Martin Meissner/Associated Press
For Philipp Lahm, Bastian Schweinsteiger, Per Mertesacker and even Lukas Podolski, the 2014 World Cup is somewhat of an endgame. It will be the final World Cup during the prime years of each player and could indeed be the last of the career of any of the aforementioned.
However, even though these longstanding heroes of the national team are getting on in years, the German national team will remain a force to be reckoned with for years to come and in all likelihood will only get better in time.
Schweinsteiger peaked in 2010 and has dropped off in status since. Ilkay Gundogan, who achieved at age 22 more than Podolski had before 25, could soon replace him. Rising stars Emre Can, newly capped senior international Leon Goretzka, Levin Oztunali and Gedion Zelalem are all elite talents in the 1994-, 1995-, 1996- and 1997-born categories, respectively, and there undoubtedly will be more to follow.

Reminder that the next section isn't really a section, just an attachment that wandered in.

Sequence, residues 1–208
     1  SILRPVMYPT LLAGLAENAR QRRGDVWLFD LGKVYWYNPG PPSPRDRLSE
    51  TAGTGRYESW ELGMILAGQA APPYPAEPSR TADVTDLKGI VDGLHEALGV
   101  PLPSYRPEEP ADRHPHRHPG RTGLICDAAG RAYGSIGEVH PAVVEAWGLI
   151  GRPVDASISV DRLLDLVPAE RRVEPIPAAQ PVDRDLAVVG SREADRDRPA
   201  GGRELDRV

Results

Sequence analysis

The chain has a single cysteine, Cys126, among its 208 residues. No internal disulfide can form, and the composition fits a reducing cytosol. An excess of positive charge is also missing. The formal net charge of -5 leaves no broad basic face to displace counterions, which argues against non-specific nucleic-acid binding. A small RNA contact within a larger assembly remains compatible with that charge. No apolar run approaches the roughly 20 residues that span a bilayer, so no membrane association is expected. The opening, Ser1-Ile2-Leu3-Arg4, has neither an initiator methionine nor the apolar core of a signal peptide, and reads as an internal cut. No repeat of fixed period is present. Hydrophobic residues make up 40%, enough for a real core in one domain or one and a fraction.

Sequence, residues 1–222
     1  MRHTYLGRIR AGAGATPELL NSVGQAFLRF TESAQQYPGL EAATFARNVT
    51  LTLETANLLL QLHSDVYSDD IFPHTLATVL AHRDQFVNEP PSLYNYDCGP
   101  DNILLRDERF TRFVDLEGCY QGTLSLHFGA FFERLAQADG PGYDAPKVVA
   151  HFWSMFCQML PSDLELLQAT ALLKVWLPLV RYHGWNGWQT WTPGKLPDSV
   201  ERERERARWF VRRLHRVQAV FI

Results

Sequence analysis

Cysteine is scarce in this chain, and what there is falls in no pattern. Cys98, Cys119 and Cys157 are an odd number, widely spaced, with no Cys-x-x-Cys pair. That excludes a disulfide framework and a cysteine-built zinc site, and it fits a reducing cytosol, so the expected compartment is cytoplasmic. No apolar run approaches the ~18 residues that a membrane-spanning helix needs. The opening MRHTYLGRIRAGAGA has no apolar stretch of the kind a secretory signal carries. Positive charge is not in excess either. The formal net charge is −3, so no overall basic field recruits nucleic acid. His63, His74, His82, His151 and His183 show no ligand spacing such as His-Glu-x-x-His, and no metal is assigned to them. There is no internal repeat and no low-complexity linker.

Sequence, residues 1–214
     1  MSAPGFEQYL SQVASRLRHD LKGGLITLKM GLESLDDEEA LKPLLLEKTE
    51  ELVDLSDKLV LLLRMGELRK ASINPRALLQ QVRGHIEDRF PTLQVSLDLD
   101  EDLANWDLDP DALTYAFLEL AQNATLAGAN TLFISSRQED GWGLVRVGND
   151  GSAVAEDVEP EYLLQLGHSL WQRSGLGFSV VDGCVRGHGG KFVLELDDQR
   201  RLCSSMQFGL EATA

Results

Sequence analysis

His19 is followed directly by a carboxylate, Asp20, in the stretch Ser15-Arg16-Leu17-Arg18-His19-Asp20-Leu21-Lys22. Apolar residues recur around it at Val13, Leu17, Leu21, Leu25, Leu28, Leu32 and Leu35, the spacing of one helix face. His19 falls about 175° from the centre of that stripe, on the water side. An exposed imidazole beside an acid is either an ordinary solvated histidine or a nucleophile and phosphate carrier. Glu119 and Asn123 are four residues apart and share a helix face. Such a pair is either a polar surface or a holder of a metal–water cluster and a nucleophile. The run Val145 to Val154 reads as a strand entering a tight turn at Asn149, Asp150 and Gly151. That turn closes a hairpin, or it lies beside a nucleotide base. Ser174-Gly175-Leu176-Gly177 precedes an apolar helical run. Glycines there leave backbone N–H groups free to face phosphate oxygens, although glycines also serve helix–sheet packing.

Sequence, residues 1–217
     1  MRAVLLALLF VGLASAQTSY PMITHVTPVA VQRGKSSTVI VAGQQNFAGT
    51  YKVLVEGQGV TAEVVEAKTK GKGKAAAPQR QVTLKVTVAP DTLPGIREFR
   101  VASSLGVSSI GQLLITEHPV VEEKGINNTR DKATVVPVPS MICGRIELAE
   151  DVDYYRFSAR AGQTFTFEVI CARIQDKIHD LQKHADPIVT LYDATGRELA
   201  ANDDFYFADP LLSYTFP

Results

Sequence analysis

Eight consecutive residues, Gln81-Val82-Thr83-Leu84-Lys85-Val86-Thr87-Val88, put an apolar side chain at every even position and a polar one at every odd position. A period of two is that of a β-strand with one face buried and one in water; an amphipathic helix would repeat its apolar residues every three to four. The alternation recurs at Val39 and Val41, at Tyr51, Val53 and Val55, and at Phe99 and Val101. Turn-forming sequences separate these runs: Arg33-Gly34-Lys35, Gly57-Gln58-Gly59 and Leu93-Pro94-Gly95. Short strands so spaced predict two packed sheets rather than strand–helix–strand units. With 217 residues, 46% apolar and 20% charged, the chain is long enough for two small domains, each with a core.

Podolski may already be in the midst of being phased out, but Germany have at least half a dozen ready-made replacements on their way. These include Julian Draxler, Andre Schurrle and current starter Marco Reus. Beyond the more established players are 2011 under-17 European Championship best player and newly capped senior international Max Meyer, Julian Brandt and Timo Werner, just to name a few of the most elite talents.
Germany's current team consists primarily of players born between 1983 and 1990, a good spread of experience and youth. But now, among those born between 1990 and 1997, Die Mannschaft have well more than a full first XI of players who are already world-class or regarded among the best talents at their age level in all of world football.
Come 2016, 2018 and beyond, it's hard to see Germany moving anywhere but forward. And no matter how things go during the rest of Low's tenure, future coaches will have the current Bundestrainer to thank for laying the foundation for success.
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